New research has indicated that accountants are failing to realise their SMSF business targets and that the proportion of SMSF trustees using an accountant is declining.
Accountants typically derive 22 per cent of their business income from SMSF clients, head of research at Investment Trends Recep III Peker told delegates at the Chartered Accountants Australia and New Zealand National SMSF Conference on the Gold Coast this week.
This number has stayed steady over the past few years, Mr Peker said, despite accountants saying persistently they would like to increase it to approximately 30 per cent.
“There’s definitely keen interest in expanding SMSFs within a practice, but their goals have not materialised yet,” Mr Peker said.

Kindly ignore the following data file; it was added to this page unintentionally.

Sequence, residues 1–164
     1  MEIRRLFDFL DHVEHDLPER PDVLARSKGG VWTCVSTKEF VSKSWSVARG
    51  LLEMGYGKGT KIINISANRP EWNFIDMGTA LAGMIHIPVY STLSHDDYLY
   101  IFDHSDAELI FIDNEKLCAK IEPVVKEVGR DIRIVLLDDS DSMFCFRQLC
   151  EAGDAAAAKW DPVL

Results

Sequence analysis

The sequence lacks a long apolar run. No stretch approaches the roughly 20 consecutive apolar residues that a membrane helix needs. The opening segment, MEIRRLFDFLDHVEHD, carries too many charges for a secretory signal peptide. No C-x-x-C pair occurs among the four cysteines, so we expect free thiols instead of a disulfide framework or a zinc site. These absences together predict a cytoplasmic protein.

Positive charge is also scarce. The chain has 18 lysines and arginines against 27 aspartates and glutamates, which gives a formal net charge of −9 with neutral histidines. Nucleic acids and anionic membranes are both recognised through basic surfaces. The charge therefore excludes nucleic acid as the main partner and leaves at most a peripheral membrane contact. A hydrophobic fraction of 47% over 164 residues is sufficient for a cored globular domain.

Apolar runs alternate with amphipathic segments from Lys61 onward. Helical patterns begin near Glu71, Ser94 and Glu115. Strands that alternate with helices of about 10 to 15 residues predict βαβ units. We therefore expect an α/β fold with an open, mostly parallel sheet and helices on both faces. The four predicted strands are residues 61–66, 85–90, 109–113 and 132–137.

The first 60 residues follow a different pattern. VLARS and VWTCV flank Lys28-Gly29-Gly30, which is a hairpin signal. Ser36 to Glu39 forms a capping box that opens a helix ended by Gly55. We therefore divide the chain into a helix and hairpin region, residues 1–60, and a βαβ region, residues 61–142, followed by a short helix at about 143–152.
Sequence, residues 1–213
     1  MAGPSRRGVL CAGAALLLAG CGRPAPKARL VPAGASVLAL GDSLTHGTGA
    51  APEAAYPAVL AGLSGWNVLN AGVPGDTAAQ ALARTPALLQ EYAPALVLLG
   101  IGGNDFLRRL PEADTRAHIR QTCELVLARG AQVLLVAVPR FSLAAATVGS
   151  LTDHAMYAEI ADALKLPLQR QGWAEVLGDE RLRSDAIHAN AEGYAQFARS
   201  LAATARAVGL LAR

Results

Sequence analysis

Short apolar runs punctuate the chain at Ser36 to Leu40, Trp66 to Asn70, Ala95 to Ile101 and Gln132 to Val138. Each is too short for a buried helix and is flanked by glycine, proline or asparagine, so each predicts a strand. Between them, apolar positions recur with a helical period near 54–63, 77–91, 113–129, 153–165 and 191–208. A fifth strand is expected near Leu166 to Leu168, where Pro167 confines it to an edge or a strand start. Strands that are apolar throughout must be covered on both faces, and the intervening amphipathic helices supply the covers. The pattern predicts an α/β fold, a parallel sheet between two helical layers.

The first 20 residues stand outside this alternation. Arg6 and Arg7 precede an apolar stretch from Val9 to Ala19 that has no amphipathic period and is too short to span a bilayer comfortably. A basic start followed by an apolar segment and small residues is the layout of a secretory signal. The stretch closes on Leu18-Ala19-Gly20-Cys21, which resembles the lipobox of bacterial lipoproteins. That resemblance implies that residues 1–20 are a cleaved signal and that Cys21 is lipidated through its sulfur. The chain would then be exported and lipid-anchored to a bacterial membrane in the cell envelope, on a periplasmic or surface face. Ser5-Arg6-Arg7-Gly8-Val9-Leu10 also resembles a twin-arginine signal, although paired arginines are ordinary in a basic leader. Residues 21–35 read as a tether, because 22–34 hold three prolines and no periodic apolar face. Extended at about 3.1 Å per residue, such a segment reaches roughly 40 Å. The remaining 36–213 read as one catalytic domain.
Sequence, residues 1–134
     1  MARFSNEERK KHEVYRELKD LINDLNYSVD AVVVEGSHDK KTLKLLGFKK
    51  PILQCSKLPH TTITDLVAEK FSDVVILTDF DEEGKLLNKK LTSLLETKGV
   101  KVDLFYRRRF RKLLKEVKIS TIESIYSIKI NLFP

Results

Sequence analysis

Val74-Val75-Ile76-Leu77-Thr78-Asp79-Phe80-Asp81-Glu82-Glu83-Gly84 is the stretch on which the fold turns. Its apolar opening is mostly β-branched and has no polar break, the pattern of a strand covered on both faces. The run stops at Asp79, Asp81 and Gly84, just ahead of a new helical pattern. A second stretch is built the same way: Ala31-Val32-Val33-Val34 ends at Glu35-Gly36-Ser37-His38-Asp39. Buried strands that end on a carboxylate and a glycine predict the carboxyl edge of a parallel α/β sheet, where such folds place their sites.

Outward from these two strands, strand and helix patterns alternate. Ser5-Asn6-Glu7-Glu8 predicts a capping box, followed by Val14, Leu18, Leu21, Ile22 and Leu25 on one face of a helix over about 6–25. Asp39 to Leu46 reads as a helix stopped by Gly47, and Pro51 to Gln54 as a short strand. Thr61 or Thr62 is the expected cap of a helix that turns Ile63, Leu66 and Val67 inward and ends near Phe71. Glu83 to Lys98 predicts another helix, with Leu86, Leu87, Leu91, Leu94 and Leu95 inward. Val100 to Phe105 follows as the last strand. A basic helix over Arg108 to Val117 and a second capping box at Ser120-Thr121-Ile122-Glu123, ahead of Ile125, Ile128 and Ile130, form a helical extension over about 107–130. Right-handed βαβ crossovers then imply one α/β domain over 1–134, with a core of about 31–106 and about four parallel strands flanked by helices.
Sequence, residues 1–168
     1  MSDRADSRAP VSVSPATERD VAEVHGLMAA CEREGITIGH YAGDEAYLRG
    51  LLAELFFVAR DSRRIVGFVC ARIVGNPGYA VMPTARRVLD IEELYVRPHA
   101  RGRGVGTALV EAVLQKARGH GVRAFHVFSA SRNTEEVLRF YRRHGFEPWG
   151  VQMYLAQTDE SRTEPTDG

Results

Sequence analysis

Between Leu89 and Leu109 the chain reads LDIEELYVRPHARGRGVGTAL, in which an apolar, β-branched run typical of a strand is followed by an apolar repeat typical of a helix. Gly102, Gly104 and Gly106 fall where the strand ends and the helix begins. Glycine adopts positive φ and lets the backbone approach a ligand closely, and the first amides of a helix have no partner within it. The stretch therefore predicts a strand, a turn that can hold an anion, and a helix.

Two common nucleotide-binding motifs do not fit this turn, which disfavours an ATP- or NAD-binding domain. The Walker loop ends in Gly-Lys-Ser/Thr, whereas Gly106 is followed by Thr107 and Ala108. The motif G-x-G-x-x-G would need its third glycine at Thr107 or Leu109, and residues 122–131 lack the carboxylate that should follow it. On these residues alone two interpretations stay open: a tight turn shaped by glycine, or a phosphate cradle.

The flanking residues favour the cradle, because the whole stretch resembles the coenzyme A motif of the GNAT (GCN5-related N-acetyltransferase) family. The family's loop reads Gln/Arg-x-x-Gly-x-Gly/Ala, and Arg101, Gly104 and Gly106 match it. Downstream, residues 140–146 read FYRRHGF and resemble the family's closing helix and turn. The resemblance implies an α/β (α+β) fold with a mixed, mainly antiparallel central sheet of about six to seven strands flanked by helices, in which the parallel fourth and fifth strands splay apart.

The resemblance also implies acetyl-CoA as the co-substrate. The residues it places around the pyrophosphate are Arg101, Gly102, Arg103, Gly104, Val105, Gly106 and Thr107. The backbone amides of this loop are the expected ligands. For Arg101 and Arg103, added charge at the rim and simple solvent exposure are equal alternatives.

“That means that accountants in general are very keen to grow their SMSF business but there are challenges that hold them back."
He added that while 321,000 SMSF trustees reported using an accountant directly in the past 12 months, up from 289,000 in 2013, in proportionate terms the amount is decreasing.
“You have to recognise the fact that the number of SMSFs out there is growing very rapidly,” Mr Peker said.
“In absolute terms, numbers look healthy, but proportionally accountants are missing out in the SMSF space,” he said.
The research also found that 68 per cent of accountants cite client education, compliance obligations and keeping up to date with legislation as the biggest challenges in servicing the SMSF market.
Further, 40 per cent of SMSF trustees who stopped using an accountant in 2014 cited lack of access to a wider range of advice services and expertise.
Among opportunities identified by Investment Trends for accountants in the SMSF space, 147,000 SMSF trustees would like to receive more help with their SMSF administration.
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